Week Three: The Colonial Experience

I had learned a little about casta paintings in a cultural anthropology course a few semesters ago. Arguably, race is a constructed concept, and in colonial Latin America, it seems race was constructed to favour and ensure Spanish supremacy in the area. Interestingly, I think this relates to the general idea of Latin America; it is a constructed concept that differs from whichever perspective you look at it. A curious pattern!

Something that captured my attention from the casta painting article was the fact that Miranda, a creole, was technically classified as a different race or different mixture of some sort, even though the only difference between him and an espaƱol was where they were born. Why were the Spanish so intent on micro-classification? Is it because they wanted to regain control of the populations they commanded as they conquered indigenous populations, considering the Jews and Moors had just been driven out of Spain? The article argues that the Spanish feared a breakdown of their imposed hierarchy in Latin America and the paintings were in response to that. Perhaps that answers the questions I posed above.

Another thing I found interesting about the article is how the paintings were sometimes viewed by Europeans as “exotica,” and other times were viewed as idealising the tense situations between different populations in colonial Latin America. In this frame of mind, of pondering the reactions different people had towards the paintings, I wonder how the indigenous and black populations reacted? Did they even get a chance to see them, since the article mentions we don’t quite know the “circulation, patronage, and reception of casta paintings” yet?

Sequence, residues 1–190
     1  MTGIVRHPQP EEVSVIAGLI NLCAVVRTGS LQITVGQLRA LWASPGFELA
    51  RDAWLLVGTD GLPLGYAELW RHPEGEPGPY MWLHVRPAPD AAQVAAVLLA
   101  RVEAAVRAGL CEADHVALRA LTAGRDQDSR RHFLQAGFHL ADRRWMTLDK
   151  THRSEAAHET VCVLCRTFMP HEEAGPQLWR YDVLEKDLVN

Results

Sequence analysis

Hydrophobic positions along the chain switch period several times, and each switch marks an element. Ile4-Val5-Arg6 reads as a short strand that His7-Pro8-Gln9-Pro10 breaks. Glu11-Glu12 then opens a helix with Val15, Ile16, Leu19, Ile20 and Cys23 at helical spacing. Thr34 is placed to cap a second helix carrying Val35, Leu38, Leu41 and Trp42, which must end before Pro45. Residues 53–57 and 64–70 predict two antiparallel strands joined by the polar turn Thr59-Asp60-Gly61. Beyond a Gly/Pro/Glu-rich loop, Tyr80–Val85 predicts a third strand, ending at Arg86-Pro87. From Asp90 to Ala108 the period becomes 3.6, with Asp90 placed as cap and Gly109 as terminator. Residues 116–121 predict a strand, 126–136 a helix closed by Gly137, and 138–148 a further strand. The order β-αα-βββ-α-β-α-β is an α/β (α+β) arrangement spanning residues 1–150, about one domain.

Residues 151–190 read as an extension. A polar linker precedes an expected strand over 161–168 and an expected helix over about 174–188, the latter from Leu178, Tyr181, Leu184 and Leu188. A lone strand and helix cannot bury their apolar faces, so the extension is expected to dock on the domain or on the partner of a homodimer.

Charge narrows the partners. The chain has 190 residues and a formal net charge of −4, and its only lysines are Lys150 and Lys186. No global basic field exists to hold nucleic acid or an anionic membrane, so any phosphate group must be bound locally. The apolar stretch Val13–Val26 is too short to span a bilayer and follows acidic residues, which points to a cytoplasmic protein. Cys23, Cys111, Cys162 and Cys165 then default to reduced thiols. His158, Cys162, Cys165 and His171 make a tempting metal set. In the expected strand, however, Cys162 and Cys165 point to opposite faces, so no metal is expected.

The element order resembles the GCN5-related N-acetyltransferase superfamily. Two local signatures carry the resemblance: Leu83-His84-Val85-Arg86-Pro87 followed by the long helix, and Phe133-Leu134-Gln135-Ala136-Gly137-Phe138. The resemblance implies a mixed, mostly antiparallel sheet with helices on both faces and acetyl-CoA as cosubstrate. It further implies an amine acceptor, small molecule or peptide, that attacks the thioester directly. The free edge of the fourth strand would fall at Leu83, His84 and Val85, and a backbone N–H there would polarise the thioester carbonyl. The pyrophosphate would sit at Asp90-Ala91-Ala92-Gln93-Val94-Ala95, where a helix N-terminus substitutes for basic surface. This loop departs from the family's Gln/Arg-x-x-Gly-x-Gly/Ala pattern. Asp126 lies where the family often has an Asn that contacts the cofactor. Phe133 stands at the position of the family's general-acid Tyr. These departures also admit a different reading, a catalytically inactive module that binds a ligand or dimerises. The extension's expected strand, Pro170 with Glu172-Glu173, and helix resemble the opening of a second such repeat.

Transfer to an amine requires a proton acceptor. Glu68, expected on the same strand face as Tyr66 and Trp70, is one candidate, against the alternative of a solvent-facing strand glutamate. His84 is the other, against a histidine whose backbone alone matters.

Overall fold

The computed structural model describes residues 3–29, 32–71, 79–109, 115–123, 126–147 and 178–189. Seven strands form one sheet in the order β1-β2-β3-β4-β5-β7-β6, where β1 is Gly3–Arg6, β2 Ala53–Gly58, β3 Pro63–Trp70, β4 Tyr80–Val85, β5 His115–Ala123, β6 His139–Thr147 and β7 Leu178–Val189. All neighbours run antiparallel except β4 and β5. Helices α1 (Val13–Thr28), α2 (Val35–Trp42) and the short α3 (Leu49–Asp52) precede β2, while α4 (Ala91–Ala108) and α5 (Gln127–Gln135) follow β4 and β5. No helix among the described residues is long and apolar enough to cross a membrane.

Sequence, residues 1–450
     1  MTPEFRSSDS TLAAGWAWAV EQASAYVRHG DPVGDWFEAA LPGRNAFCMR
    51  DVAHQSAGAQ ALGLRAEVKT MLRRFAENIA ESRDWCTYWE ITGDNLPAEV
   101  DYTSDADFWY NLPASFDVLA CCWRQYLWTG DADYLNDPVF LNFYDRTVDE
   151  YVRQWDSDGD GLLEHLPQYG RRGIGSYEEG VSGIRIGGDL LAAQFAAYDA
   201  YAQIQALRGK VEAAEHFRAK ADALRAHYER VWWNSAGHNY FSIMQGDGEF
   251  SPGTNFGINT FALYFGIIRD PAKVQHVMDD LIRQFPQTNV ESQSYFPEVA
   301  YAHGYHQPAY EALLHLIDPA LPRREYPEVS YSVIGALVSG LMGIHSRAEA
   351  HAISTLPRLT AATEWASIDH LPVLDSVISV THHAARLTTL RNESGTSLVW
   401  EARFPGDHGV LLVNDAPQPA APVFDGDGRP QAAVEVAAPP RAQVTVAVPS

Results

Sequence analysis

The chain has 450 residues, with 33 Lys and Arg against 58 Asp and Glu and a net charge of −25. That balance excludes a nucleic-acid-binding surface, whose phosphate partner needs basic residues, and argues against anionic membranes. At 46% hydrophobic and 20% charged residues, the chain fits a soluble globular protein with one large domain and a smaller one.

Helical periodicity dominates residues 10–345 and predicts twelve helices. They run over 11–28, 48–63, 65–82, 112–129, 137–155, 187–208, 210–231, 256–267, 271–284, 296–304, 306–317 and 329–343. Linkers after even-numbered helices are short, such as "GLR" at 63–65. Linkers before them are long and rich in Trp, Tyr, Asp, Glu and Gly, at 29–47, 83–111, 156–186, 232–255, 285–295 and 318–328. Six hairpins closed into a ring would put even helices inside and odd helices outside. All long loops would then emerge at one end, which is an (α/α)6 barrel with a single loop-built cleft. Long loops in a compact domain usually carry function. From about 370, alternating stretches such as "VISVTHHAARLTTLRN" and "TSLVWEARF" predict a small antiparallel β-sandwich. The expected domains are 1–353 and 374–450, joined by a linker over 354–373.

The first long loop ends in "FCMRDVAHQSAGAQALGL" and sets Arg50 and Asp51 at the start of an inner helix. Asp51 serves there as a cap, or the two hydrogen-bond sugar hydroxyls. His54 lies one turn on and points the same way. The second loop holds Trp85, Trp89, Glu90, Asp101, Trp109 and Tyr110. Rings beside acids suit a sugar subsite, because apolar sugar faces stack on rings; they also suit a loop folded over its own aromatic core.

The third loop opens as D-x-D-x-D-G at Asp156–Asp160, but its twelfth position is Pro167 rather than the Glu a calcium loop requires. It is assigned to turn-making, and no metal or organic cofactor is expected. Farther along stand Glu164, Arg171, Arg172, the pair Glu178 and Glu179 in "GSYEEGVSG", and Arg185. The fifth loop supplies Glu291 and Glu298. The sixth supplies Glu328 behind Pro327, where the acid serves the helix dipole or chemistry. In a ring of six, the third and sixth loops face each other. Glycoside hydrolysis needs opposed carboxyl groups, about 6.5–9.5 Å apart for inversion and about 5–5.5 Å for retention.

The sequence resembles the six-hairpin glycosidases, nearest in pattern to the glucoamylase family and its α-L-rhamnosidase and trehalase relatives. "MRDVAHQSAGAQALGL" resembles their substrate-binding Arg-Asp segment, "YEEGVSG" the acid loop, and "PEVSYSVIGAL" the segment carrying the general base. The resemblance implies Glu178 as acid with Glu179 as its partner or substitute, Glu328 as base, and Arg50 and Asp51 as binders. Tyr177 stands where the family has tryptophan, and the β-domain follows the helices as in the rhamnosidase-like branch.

Now I would like to talk about Lieutenant Nun. What a fascinating story! She seemed to want a life that fit better with her unique needs, style, and personality; she clearly did not want to conform to society’s expectations. She seemed trapped and under-appreciated, not as to say she wanted an easier life. She chased excitement: the potential of being caught in disguise, stealing, leaving the “comfort of [the] situation” as page to Don Carlos de Arellano, and deciding “to join an army battalion headed for Chile, a violent frontier.”

She was brave in every sense of the word. She dared to live her own life outside of society’s rules, and well as performed acts of great bravery in the army, like rescuing the flag. However, I feel like the “hero or villain?” narrative can be put into place in Catalina de Erauso’s story as well. Sure, she was very brave and true to herself, but she also stole and murdered. Was she doing what she had to do to survive, or did she intentionally seek out situations in which to be criminal/violent?

3 thoughts on “Week Three: The Colonial Experience

  1. olga kochkareva

    Hi Kelsey,

    I find your complex about the micro-classification of peoples in Latin America very interesting. I agree that the Spanish seemed very intent on it, and perhaps took it too far with the Casta Paintings, however, is it possible that we cannot, as dwellers of today, separate ourselves from this? So often when we fill in some legal declaration, or complete a form, we are asked to put our ethnicity on the sheet to go into a database. Therefore, are we really very different from the colonial, medieval Spaniards?

    1. ana carolina miranda

      Hey Kelsey,
      I liked your observation on the fact that both race and Latin America are social constructs without any clear definition. Being a Latina, I had never thought of that myself. Also, about the Spanish fixation on micro-classifcation: I think they were desperate to show that each and everyone one who was not a “real” Spaniard (which I believe, included being born in Spain) were below them and should remain like that.
      Good questions!

  2. Sera Jorgensen

    I agree with your opinion that Catalina too could fit into our “hero/villain” debate about Columbus. I’ve always been a firm believer in the idea that individuals hurt others because they themselves have been hurt. Do you think that perhaps it was this feeling trapped and underappreciated that you mentioned, that drove Catalina into the lifestyle she later lived?


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